One day far into the future, the image may stand alone from its catastrophic backdrop and be remembered just as much for having captured two U.S. presidents' handshake.

That's a historical narrative Gov. Chris Christie and many of his political supporters have dreamed about since last October, when days after Sandy made landfall he and President Barack Obama met on a tarmac at Atlantic City Airport.

The photo will likely reappear many times in 2016, when as is widely expected, Christie will seek the Republican nomination for president. Political observers believe it could very well be used both for and against Christie's political aspirations.

Its dual meaning is what makes the photograph — and others showing Christie and Obama touring the devastated coastal towns together last Oct. 31 — so significant and enduring.

(The photo has already entered into political folklore for — as many are recounting this week — putting to rest the myth that Christie and Obama ever "hugged." They never did, or at least, it was never caught by camera.)

"The Obama photo op because of what's happened with Sandy was the signal the decision was made that the governor was going to put New Jersey first, with understanding it'd hurt among conservatives," Monmouth University pollster Patrick Murray said in an interview.

Christie's willingness to greet Obama so openly has had repercussions still felt a year later.

Putting New Jersey so obviously above any political motives, as Murray put it, has cleared to the way for what many predict will be a landslide victory in next week's gubernatorial election. And the huge margin of victory by a Republican seeking re-election in such a Democrat-heavy state will stoke excitement for his chances in the 2016 GOP primaries.

One leading Christie observer said Christie's entire approach to post-Sandy leadership endeared him to an electorate weary from years of Washington D.C. political gamesmanship.

"How it became controversial in some quarters is just beyond me," said Bob Ingle, senior political columnist for Gannett New Jersey and co-author of Chris Christie: The Inside Story of His Rise to Power. "There were some people in Christie's party who thought that apparently they should have ignored the president, that Christie thanking him for trying to help was somehow the wrong thing to do. It is beyond me how someone could think like that."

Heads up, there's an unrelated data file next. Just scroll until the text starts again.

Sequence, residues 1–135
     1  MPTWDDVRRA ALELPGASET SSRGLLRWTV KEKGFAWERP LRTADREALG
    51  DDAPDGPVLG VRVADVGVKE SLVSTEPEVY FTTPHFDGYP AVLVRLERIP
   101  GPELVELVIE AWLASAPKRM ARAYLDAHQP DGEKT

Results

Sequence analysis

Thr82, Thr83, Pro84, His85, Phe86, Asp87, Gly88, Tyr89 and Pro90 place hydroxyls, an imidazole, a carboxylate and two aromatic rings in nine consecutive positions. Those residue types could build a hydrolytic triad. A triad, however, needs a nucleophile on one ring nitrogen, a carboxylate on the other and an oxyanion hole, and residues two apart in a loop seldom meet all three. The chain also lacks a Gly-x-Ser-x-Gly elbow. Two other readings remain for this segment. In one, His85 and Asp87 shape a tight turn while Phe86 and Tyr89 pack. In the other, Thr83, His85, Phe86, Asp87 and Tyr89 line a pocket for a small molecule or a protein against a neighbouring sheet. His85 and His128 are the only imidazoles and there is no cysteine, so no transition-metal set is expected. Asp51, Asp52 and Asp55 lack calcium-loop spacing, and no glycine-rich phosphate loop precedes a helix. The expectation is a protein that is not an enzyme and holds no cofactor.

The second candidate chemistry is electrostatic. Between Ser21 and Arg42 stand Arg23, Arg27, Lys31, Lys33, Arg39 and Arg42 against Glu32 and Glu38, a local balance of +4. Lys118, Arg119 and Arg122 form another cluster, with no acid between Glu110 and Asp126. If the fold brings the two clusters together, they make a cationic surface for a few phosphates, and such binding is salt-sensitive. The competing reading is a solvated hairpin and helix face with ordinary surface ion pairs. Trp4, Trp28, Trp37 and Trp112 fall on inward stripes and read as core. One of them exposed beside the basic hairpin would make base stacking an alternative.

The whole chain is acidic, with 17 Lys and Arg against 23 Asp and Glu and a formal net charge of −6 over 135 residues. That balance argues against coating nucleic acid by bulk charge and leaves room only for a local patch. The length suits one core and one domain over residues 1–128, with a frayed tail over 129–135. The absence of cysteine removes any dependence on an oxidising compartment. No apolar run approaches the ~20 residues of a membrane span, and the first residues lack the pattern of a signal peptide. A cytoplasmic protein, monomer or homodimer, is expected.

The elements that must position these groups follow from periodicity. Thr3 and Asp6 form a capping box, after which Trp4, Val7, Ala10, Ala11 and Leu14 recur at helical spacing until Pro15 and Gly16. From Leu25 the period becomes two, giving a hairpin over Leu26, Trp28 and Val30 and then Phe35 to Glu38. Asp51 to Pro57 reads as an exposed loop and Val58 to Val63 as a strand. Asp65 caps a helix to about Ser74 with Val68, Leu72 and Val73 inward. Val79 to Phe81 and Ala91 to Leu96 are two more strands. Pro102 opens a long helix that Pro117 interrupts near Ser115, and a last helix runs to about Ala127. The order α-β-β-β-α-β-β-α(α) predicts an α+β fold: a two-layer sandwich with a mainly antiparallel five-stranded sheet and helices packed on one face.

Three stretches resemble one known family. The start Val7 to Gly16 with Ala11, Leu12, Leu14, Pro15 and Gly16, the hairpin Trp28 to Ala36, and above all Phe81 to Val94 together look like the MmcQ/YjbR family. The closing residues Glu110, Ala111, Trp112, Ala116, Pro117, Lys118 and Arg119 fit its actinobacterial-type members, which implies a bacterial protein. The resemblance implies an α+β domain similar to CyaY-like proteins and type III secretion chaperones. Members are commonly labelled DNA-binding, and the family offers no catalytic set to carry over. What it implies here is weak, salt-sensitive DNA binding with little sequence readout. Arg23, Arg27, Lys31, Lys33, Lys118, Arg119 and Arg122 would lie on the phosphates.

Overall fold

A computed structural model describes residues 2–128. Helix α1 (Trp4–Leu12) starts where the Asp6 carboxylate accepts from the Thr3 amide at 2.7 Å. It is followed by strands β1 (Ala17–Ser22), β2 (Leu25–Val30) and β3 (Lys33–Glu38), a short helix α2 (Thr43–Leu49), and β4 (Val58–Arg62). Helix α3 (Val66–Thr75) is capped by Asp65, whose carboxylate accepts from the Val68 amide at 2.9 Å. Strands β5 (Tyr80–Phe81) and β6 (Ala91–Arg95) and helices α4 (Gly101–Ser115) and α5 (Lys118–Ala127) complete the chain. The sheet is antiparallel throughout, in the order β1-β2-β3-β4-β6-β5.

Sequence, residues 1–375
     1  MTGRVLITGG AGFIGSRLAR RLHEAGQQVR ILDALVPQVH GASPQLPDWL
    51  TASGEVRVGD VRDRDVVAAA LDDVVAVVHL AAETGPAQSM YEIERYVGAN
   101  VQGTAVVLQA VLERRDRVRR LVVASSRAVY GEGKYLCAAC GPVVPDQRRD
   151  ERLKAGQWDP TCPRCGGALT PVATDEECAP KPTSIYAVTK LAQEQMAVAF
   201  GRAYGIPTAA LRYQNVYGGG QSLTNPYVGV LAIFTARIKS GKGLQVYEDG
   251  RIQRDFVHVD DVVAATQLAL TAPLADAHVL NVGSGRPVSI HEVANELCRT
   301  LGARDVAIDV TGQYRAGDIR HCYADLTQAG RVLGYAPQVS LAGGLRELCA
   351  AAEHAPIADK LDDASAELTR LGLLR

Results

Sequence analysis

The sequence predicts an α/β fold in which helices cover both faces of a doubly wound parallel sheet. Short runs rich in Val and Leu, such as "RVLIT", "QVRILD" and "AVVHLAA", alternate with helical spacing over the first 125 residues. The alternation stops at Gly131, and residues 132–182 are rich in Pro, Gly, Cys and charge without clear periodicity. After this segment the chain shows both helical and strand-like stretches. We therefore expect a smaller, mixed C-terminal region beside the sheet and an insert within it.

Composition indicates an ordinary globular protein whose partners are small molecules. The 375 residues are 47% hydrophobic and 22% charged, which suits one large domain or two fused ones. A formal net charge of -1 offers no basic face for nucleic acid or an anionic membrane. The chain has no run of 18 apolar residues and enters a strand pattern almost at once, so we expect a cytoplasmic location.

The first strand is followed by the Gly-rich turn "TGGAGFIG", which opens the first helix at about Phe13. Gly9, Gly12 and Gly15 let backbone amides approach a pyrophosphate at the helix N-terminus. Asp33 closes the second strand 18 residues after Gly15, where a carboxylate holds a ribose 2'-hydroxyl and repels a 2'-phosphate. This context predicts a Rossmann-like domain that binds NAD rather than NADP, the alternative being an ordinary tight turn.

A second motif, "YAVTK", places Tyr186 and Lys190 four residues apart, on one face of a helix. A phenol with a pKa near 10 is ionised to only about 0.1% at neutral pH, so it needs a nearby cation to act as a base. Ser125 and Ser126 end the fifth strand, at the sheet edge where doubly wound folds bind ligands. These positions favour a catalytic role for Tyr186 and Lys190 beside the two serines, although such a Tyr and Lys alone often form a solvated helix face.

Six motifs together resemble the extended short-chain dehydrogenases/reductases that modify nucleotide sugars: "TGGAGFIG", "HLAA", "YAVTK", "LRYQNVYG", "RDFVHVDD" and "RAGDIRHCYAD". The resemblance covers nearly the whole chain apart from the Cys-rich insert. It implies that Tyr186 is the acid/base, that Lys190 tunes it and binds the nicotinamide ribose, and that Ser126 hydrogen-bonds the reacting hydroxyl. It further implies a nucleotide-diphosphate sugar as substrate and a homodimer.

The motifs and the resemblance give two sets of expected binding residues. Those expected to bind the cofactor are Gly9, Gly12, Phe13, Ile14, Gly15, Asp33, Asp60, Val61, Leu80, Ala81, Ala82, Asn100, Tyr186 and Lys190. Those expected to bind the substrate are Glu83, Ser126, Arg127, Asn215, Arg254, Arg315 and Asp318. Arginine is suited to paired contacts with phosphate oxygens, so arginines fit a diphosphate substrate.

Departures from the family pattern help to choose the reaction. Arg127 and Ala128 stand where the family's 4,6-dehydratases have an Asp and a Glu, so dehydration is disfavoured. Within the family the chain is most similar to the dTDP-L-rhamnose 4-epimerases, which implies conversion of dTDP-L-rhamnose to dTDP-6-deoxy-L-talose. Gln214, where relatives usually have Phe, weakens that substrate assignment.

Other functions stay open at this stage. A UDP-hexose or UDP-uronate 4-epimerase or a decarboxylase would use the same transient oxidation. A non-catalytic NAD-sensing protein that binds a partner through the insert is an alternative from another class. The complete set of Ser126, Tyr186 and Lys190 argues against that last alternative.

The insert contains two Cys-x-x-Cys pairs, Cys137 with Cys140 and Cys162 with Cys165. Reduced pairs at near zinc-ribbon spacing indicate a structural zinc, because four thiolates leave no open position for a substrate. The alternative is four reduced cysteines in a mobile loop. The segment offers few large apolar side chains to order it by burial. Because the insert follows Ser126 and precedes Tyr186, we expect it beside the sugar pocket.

There's no disputing that Christie's popularity — and his leadership credentials nationally — grew in the months after Sandy.

His job approval rating in the year prior to Sandy was solidly in the 50s, but jumped to 70 percent after the storm, Murray said.

"Implicitly the 'Obama hug' and then calling [House Speaker] John Boehner out on Sandy aid was going to hamper him in 2016 and New Jersey gave him a lot of credit for that," Murray said.

Christie's approval rating is back into the 60s, but his appeal as a tough leader remains strong. A Rutgers-Eagleton poll released last week found 72 percent of registered voters would describe him as "fighter" instead of "bully."

Ingle said many who followed Christie as he led Sandy's recovery effort late last year learned firsthand that reality is close to perception when it comes to his leadership style.

"Younger newspeople were worn out trying to cover it and keeping up with him," Ingle said.

Whether he learned from the storm or not, Christie ever since has developed a knack for turning bad circumstances into positives.

"As with most things with Christie, negatives become positives for him," Murray said, noting his campaign is probably excited for the potential of numerous conservative GOP politicians in 2016. "Their hope now is a number of conservatives will run. They're happy with the success of Ted Cruz and Rand Paul."

The most recent Quinnipiac University Poll of Republican and Republican-leaning voters released early this month found Christie trailing only Paul, the U.S. senator from Kentucky, among a list of eight prominent GOP politicians if the 2016 Republican presidential election were held today. Paul received 17 percent, Christie received 13 percent and Texas' U.S. Sen. Ted Cruz had 10 percent.

Christie's stances on social and fiscal policy would eventually play a role in a 2016 campaign, but personality and governing style will always be his "it" factor.

"I think what we saw there was two elected leaders acting like leaders. It's incredible to me that people would be surprised by that," Ingle said of the Christie-Obama photographs. "That's why we elect people. The president, like the rest of country, knew we were hit hard. And thought he should be there and help anywhere he could. And Christie did exactly what we wanted."